Few presidents have altered the trajectory of world affairs as dramatically as Ronald Reagan, whose Centennial America we celebrate on Feb. 6.
The year-long Centennial celebration is an opportunity to examine the legacy and lessons of our 40th president, who not only reversed the “malaise” mentality at home and revived American optimism, but also stared down totalitarians abroad and won the Cold War.
President Reagan longed to see the slaves of communism freed, and knew the best way to free them was simple: “We win, they lose.” It was this blunt approach to the Cold War which more than ruffled the foreign-policy establishment’s feathers. And Reagan set the tone for his Cold War policy early on, angering nearly everyone but those enslaved behind the Iron Curtain when he called the Soviet Union the “evil empire.”
He ruffled feathers again when he walked out of the October 1986 Reykjavik summit, refusing to bend on his Strategic Defense Initiative (SDI) to stave off nuclear armageddon. And of course – in perhaps the most famous utterance of an American president in modern times – he told Mikhail Gorbachev to “tear down this wall.”
President Reagan understood the importance of making sure our agitators knew what America was capable of. Just as powerful as military action was the perception of what military action could accomplish. He focused on rebuilding the military, challenging and defending against the Soviet nuclear threat, and refusing to compromise American interests at the negotiating table.
All of President Reagan’s actions were founded on the fundamental philosophy that freedom is a powerful and effective tool for change. Each piece of his policy agenda was dependent on the idea that freedom was the answer to the problems facing the United States and the rest of the world.
It’s impossible to separate President Reagan’s foreign policy from his economic principles and his vision of American society. Utilizing his mastery of rhetoric and communication, he instilled in the American psyche a belief that the Cold War was winnable because, after all, the American people could accomplish anything. In turn, the economic recovery provided the resources needed to out-build and stare down the Soviet military.
There will always be detractors to Reagan’s legacy who attack his dedication to freedom as a rhetorical device, or overly simplistic. What those who had the honor of knowing and working with President Reagan know is that his love of freedom was genuine, and far from simple. It informed every decision he made, as Lady Margaret Thatcher noted in her eulogy to Reagan in 2004.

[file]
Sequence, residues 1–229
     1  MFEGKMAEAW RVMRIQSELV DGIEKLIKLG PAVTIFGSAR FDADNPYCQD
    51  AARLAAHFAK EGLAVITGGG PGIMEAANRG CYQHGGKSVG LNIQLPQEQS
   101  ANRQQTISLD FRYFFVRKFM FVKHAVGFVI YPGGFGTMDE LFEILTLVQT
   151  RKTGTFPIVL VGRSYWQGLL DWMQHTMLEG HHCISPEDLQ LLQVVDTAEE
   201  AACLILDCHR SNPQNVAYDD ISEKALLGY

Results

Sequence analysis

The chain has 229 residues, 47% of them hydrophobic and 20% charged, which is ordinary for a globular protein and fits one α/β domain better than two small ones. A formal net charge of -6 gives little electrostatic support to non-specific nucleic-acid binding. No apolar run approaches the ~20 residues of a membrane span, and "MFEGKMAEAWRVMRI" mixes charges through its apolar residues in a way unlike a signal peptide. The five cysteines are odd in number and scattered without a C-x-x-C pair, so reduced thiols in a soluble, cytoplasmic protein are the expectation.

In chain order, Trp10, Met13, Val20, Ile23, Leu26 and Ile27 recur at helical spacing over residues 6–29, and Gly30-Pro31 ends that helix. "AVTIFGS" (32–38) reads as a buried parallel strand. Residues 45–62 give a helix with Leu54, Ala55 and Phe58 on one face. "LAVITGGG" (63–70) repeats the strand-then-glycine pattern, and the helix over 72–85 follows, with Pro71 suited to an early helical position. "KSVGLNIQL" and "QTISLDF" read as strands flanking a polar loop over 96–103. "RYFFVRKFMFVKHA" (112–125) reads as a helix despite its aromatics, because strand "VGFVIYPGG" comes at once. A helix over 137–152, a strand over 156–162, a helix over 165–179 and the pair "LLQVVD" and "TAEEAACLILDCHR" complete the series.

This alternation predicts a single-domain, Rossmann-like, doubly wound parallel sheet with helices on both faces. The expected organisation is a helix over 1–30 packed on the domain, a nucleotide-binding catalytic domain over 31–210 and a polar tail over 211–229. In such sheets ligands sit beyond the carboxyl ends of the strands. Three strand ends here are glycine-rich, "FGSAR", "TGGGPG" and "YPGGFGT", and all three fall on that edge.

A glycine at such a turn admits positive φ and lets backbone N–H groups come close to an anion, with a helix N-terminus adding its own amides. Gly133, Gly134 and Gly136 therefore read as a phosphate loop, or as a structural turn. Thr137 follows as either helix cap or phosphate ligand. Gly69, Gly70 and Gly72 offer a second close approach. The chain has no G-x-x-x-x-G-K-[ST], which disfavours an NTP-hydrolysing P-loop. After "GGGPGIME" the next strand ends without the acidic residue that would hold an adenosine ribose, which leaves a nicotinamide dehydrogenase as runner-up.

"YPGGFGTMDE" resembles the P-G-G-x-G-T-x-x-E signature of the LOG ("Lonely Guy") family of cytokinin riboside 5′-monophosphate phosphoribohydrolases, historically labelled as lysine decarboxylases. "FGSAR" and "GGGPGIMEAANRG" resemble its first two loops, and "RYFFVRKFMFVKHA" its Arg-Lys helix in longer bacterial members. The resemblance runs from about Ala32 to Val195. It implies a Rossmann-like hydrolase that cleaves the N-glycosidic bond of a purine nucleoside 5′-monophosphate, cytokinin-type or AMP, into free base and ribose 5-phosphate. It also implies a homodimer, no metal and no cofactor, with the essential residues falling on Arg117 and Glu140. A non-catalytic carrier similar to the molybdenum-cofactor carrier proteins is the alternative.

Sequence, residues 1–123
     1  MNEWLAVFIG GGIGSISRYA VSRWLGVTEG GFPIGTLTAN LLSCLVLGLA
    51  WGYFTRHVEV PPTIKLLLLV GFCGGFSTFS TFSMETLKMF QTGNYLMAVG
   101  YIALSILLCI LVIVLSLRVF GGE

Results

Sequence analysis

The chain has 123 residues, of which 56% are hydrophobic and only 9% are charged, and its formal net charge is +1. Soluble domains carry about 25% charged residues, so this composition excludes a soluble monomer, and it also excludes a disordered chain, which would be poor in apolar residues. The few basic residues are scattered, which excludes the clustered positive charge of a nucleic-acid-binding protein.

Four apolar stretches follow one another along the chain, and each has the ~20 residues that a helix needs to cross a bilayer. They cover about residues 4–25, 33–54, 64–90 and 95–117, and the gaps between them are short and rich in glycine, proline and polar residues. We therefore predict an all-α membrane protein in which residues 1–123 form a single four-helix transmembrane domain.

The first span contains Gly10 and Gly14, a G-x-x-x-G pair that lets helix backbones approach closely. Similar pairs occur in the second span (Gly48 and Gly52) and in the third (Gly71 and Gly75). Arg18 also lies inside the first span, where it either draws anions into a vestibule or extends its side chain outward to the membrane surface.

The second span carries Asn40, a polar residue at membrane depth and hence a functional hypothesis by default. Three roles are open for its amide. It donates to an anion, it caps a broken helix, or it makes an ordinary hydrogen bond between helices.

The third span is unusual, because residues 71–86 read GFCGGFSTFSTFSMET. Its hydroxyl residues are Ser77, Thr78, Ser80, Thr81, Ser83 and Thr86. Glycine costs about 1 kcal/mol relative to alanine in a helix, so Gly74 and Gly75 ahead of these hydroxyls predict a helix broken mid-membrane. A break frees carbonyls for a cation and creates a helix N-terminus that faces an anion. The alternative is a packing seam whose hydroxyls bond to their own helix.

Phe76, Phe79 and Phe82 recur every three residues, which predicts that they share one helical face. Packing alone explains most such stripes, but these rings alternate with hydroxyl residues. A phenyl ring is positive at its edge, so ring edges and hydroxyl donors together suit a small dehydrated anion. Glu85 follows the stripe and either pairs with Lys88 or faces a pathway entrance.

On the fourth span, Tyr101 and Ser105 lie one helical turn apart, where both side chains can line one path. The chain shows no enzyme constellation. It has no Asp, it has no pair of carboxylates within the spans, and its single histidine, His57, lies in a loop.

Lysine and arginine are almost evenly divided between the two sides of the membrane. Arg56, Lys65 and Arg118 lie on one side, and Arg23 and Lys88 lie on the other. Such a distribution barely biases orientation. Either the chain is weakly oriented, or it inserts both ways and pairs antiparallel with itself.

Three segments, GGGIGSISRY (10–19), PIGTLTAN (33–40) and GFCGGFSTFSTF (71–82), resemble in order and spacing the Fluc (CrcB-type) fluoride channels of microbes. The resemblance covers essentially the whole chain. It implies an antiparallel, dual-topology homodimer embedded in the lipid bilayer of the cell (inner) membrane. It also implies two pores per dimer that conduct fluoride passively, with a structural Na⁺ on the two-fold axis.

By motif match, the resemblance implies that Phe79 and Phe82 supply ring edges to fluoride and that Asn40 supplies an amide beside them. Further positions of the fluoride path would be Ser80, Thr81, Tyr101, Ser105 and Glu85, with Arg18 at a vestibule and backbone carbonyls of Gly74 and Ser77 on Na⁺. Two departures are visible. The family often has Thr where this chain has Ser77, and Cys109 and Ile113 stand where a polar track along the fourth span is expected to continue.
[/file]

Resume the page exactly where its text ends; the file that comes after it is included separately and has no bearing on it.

“Others prophesied the decline of the West; he inspired America and its allies with renewed faith in their mission of freedom,” she said. “We live today in a world that Ronald Reagan began to reshape with those words.”
As important as it is to revisit and analyze the events and accomplishments that define President Reagan’s legacy during the Centennial, President Reagan himself always believed America’s and the world’s best days were ahead, and he understood what it would take to keep moving forward. He based his foreign policy on a grand vision for America. As he said in his 1984 State of the Union address, “America is too great for small dreams.”
Although both the Berlin Wall and the Soviet empire fell just after President Reagan left office, these are the enduring triumphs of his legacy. Some argue that Communism was already on the wane. Perhaps. But for President Reagan, who didn’t have the benefit of hindsight, waiting on the inevitable when millions were denied freedom was simply unacceptable.
For him, the time for appeasement was over; the time for American greatness had returned: “With faith and courage, we can perform great deeds and take freedom’s next step,” he said. “And we will. We will carry on the tradition of a good and worthy people who have brought light where there was darkness, warmth where there was cold, medicine where there was disease, food where there was hunger, and peace where there was only bloodshed.”